Gardaí believe €58m cocaine haul washed up in Denmark may have been destined for Cork

Almost 850kg of drug found on beaches in north of country after members of public made first discovery

A Danish senior police investigator described the find as 'remarkable'. Photograph: Claus Bech

Gardaí are keeping an open mind on whether a huge consignment of cocaine washed up in Denmark at the weekend may be linked to a suspected drug trafficking operation in west Cork. There, an international organised crime group failed to collect a shipment of drugs from South America.

Irish investigators are believed to be liaising with their Danish counterparts following the discovery of over 840kg of cocaine with a potential street value of over €58 million along a number of beaches near the town of Sjællands Odde on the northwestern tip of the main island of Zealand.

According to Danish senior police investigator, Kim Løvkvist, the consignment is the largest he has come across being washed up on the Danish shore. He described the find as “remarkable” when speaking to the Danish independent news agency, Ritzaus Bureau.

The first discovery of the drugs was made on Saturday afternoon when several sports holdall bags attached to life jackets and containing drugs were found washed up on a beach near Sjællands Odde, a busy port with a ferry service to Denmark’s second city, Aarhus on Jutland.


The drugs were found by members of the public walking the beach, and they notified police. Further bags containing more drugs were found washed up in nearby locations including Sejerø bay and Sejerø island with the amount now totalling 840 kilos of the drug.

Mr Løvkvist revealed police have intensified their search of the area, using boats, drone and military aircraft before adding: “At the current time we have no knowledge of where the drugs came from, how long they’ve been in the water, or even if it was meant for someone in Denmark.”

A major search operation is currently ongoing in the Kattegat sea with the search being co-ordinated from a Command and Control Centre aboard the Danish frigate HDMS Absalon. Three other smaller ships from the Danish Naval Service are also assisting in the search north of Zealand.

It is believed gardaí in west Cork are making contact with their Danish counterparts through Europol as they believe it is possible the Danish drugs may have been the consignment that were due to be collected off the Cork coast by a transnational drug smuggling gang arrested in Cork.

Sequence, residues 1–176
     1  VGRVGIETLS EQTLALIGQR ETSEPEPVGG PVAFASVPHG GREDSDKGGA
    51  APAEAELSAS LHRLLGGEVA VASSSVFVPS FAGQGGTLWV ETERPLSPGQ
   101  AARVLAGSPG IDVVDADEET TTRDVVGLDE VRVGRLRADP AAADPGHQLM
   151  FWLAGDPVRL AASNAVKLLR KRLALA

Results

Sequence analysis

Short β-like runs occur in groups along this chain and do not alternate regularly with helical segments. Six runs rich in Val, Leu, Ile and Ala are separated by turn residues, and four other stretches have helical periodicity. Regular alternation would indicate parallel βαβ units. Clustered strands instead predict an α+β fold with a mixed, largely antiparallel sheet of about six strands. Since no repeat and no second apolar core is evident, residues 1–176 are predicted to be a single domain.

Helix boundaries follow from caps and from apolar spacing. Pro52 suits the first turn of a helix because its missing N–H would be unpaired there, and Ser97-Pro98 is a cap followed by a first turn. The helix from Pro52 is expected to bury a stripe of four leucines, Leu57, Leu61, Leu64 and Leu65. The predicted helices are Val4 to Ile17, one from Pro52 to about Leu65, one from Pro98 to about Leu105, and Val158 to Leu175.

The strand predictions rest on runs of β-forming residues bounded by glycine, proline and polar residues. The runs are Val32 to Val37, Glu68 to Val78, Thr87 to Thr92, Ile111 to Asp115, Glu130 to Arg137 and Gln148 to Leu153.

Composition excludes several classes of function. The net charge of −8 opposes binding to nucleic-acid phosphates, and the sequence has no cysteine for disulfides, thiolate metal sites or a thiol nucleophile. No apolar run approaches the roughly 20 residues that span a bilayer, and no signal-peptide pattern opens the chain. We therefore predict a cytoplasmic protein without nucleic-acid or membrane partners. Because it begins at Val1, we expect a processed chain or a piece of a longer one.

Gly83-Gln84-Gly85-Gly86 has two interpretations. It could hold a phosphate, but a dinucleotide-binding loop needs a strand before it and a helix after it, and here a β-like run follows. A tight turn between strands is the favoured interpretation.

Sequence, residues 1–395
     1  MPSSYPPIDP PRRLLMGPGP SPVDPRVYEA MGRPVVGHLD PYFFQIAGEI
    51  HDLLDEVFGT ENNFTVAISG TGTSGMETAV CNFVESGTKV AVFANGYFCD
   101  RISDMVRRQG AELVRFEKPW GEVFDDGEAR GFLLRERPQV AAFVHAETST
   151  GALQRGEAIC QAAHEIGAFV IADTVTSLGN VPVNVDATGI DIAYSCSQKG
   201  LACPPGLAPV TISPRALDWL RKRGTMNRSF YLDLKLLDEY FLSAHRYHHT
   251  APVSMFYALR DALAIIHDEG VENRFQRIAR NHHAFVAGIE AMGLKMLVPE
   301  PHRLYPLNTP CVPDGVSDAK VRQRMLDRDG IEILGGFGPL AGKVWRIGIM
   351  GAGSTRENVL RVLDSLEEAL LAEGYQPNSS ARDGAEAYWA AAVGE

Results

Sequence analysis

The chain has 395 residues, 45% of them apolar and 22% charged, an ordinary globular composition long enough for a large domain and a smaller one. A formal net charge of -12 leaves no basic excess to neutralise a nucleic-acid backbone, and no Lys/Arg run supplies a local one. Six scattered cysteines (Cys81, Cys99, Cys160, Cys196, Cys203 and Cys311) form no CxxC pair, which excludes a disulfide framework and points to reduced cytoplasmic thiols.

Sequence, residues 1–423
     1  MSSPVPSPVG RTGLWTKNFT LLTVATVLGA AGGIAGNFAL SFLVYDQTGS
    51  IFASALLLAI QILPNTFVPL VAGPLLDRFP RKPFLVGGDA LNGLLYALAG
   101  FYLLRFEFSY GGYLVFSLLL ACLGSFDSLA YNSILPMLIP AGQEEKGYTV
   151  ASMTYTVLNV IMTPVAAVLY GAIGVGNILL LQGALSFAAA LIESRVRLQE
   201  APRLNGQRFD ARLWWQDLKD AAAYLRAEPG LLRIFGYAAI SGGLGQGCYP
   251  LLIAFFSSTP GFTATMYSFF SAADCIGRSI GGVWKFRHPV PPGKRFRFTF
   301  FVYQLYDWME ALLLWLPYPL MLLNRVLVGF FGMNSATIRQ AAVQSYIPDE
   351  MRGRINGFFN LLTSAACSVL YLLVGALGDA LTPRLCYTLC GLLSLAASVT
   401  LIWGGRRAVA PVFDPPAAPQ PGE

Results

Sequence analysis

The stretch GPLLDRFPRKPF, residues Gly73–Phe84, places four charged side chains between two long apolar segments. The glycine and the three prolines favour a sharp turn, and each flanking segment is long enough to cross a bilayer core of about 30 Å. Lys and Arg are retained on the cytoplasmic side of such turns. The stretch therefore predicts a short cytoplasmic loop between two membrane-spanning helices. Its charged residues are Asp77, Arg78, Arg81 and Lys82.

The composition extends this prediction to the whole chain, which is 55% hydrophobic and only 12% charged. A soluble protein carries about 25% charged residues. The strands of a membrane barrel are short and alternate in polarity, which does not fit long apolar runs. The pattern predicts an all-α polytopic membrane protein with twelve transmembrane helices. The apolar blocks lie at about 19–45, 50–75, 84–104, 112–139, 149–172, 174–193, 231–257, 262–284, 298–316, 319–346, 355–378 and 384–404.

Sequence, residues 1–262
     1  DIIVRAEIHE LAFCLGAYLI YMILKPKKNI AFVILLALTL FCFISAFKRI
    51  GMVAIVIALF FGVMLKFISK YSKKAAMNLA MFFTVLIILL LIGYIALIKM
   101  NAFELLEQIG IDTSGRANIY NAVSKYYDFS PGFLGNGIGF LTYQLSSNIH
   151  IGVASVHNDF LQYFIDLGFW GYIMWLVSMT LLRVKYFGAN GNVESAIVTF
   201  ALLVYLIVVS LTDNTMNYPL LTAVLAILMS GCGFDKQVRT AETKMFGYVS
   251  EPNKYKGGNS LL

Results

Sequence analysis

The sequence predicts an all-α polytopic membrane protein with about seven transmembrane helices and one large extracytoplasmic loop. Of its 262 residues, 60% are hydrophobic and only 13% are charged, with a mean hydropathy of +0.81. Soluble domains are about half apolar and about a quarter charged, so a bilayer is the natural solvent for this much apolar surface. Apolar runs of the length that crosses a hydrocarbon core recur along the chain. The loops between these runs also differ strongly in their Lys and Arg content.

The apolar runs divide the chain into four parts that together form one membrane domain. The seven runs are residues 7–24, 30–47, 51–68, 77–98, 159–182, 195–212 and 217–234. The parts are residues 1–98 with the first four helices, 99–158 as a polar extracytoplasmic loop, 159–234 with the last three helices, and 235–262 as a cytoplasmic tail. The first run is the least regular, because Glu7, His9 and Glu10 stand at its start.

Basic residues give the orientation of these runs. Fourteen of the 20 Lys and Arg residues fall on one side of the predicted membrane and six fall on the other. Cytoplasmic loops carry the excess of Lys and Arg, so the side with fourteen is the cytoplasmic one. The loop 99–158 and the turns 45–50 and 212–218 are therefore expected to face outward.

Gardaí have established that a six-man landing party left Tragumna slip near Skibbereen in the early hours of Tuesday morning, March 12th in a ten metre long Rigid Inflatable Boat (Rib) powered by three 300 horsepower engines to rendezvous somewhere off the coast with a mother ship carrying the drugs.

Garda technical experts have examined a number of electronic items seized by gardaí including satellite phones, mobile phones and GPS locators. believe they have established the route the men in the Rib took to meet the mother ship.

According to one source, gardaí believe the gang went out over 150km, almost to Land’s End in Cornwall, but for some reason either due to a miscommunication, bad weather or a mechanical problem, they failed to link up with the mother ship despite spending almost 48 hours at sea.

A mariner said : “The fact that they went over as far as Land’s End suggests they missed their initial link up with the mother ship closer to west Cork and of course, a big cargo ship like that couldn’t stop as it would show up on marine traffic and arouse suspicions.

Gardaí haven’t ruled out the possibility that the mother ship may have dropped its haul of cocaine overboard with marker buoys somewhere between west Cork and Cornwall but believe it is more likely that it continued on its route possibly up the English Channel to northern Europe.

Another source said the fact the Danish drugs were found in holdalls suggests the plan was to hand them over in a transfer between two vessels rather than drop them off at sea in which case they would have been shrink-wrapped in plastic to protect them from the water.

Barry Roche

Barry Roche

Barry Roche is Southern Correspondent of The Irish Times